The best salts

The city says salt will kill you. We say bring it on.

Former NYC health commissioner Thomas Frieden has called high blood pressure—which many correlate with excessive sodium intake—“the greatest public health threat facing the city.” Now Mayor Bloomberg is rallying restaurateurs to support his most recent public-health crusade—against salt—and chefs are reacting with equal measures of apathy and bewilderment. George Weld, chef-owner of the Southern-style farm-to-table success Egg, says, “I don’t have a big problem with his efforts, but it looks a little eccentric and personal, like Giuliani’s campaign against ferrets.” We like salt even more than we like ferrets. So join the resistance by seasoning with one of these premium picks. After all, there’s always Toprol.

Sel du Pcheur
This super-coarse offering from the Lorraine region of France is all about the fennel. If you’re a fan of the herb and don’t mind a little crunch between the teeth, this one’s for you. We like to eat it straight out of the box, but for those who aren’t so hard-core, it’s ideal for soaking up the juices of a bloody steak. Lobel’s Prime Meats, 1096 Madison Ave between 82nd and 83rd Sts (212-737-1372). 17.6oz box $24.95.

Porchetta Salt
As anyone who’s been to her East Village shop can attest, Sara Jenkins knows pork. And she knows how to season it. The sandy texture of her proprietary Sicilian sea-salt blend is closer to a rub than a table salt. The addition of wild fennel pollen, sage and other Mediterranean aromatics makes pig pop like never before. Or try it on your morning eggs, and you won’t need to bother with the bacon. Porchetta, 110 E 7th St between First Ave and Ave A (212-777-2151). 4oz tin $6.

The best choice for do-gooders. These pink Himalayan crystals, from Sustainable Sourcing, are mined using renewable energy, and a portion of the profits goes toward environmental charities. This one’s potent, so start with a light sprinkle. Try it on pork chops or a vegetarian entre, especially if it’s eggplant. Whole Foods, locations throughout the city ( 2.8oz jar $17.99.

Dean & DeLuca Fumee de Sel salt
This earthy domestic salt is hit with a drop of chardonnay during the smoking process, for added sweetness and depth. Its ashy color and oaky flavor can give any meat that straight-off-the-grill look and taste, but for a real treat, skip the protein and sprinkle some on a salad. Dean & DeLuca, various locations throughout the city ( 5oz jar $13.25.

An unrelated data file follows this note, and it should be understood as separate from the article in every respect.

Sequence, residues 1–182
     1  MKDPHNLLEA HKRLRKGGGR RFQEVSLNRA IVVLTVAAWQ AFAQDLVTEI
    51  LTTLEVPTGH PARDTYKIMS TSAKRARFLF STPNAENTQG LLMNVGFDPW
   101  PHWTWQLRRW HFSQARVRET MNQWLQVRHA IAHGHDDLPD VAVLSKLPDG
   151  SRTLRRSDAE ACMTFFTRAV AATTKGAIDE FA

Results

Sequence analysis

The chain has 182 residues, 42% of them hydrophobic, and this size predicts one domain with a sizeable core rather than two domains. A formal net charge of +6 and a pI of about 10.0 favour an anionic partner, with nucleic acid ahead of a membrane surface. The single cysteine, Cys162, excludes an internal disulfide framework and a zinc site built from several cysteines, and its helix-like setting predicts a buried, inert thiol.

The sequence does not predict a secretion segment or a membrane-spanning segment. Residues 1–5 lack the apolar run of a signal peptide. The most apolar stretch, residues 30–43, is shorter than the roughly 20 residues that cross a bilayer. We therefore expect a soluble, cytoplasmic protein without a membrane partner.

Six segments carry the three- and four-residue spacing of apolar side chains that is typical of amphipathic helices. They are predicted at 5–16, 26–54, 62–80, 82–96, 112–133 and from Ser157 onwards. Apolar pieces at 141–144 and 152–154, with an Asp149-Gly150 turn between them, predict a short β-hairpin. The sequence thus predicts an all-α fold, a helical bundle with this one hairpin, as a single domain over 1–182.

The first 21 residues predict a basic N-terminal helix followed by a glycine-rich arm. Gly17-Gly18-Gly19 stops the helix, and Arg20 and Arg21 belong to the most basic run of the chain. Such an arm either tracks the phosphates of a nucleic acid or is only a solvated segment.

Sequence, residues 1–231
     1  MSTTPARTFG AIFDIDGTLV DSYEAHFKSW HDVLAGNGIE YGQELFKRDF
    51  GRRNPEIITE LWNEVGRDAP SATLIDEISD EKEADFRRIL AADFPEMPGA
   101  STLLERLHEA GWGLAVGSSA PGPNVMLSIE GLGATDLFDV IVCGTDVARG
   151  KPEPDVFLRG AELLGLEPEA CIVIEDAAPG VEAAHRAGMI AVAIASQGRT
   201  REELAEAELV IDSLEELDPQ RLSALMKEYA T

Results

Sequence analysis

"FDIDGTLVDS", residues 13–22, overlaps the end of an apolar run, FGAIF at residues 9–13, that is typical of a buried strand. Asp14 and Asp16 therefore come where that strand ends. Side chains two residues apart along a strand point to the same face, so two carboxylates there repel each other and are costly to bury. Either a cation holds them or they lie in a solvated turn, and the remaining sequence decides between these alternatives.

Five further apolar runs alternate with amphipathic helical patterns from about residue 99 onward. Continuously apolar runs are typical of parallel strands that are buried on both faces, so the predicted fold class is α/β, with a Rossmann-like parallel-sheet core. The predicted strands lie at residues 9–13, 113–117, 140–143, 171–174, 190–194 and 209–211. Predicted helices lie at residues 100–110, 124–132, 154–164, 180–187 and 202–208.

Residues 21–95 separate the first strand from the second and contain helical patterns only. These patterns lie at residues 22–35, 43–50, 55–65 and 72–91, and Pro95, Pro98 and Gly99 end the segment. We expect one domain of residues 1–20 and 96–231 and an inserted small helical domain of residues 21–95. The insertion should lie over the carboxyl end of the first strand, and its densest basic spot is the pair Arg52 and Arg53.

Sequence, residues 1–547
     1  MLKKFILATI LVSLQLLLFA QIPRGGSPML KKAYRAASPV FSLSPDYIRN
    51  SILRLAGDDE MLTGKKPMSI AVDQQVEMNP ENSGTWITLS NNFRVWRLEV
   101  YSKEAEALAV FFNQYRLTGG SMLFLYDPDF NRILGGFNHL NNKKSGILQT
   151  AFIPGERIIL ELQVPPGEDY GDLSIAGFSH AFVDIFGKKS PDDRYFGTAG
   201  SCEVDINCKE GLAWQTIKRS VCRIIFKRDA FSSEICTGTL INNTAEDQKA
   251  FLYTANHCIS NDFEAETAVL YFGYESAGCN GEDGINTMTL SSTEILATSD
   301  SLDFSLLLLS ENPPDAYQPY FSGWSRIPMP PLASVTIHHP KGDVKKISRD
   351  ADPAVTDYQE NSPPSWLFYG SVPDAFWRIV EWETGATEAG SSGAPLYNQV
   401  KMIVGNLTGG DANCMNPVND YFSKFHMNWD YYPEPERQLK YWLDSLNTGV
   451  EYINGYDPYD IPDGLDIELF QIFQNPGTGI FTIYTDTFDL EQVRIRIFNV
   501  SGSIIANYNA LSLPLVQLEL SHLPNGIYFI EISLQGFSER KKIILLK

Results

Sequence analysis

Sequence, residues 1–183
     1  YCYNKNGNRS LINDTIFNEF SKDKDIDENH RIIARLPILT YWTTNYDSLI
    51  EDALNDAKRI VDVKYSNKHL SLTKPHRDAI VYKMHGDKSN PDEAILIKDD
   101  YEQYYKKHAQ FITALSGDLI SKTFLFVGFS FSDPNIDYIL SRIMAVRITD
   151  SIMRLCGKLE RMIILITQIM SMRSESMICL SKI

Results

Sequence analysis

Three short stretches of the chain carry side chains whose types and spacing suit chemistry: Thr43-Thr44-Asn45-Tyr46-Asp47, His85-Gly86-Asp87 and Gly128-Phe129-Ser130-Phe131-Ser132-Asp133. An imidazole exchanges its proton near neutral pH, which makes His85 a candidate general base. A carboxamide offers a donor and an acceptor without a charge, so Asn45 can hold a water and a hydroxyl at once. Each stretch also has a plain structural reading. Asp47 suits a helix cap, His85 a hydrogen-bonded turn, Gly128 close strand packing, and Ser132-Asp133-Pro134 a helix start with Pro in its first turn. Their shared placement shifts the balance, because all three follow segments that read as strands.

Diamond Crystal kosher salt
The industry standard; you’ll probably find at least one box of this in every professional kitchen in New York. Why? The medium-grain product is perfect for sprinkling with your fingers, so you don’t have to rely on a shaker, and it adheres to food for dear life—rare for a salt of this texture. It can also cling to a glass, so try it for rimming cocktails. Fairway, various locations throughout the city ( 48oz box $1.99.

Profumo del Chianti
Pricey, but versatile. This is an ultrafine premium Italian sea salt that smells like a flower garden. Developed by a Tuscan butcher with a green thumb, it has an impressive quantity of herbs and spices that includes heavy doses of rosemary and lavender. The taste is quiet and clean, just like its snowy texture. This one loves lamb in particular, but you can’t create a bad pairing here. Formaggio Essex, Essex Street Market, 120 Essex St between Delancey and Rivington Sts (212-982-8200). 150g jar $26.95.

The pros name their go-to salts

Andrew Carmellini, chef, Locanda Verde
“Salt selection is all about cost. I use a good, inexpensive kosher salt for pasta water. And I really like Maldon for finishing. It melts really well and isn’t outrageously expensive.” 377 Greenwich St at North Moore St (212-925-3797)

Erin McKenna, founder, BabyCakes NYC
“I’m not fancy—plain kosher salt.” 248 Broome St between Ludlow and Orchard Sts (212-677-5047)

Mathieu Palombino, chef-owner, Motorino
“We use colatura di alici, which is a fermented anchovy juice, as a substitute for salt on one of our pizzas. It’s fishy in a good way and a true Neapolitan specialty.” 319 Graham Ave between Ainslie and Devoe Sts, Williamsburg, Brooklyn (718-599-8899) * 349 E 12th St between First and Second Aves (212-777-2644)

Jesse Schenker, chef, Recette
“I serve fleur de sel on my butter. I also like to use smoked salt from Ohio Barry Farm on my hamachi crudo.” 328 W 12th St at Greenwich St (212-414-3000)

Jason Hall, chef de cuisine, Gotham Bar and Grill
“I make a brunoise out of the unusable ends of the white truffles we shave tableside and combine it with a sel gris from Normandy to make a super-fragrant truffle salt.” 12 E 12th St between Fifth Ave and University Pl (212-620-4020)

Chris Leahy, chef de cuisine, BLT Prime
“We finish our steaks with Maldon smoked over hickory chips. The salt turns gray and has this amazing texture and smoky flavor.” 111 E 22nd St between Park Ave South and Lexington Ave (212-995-8500)

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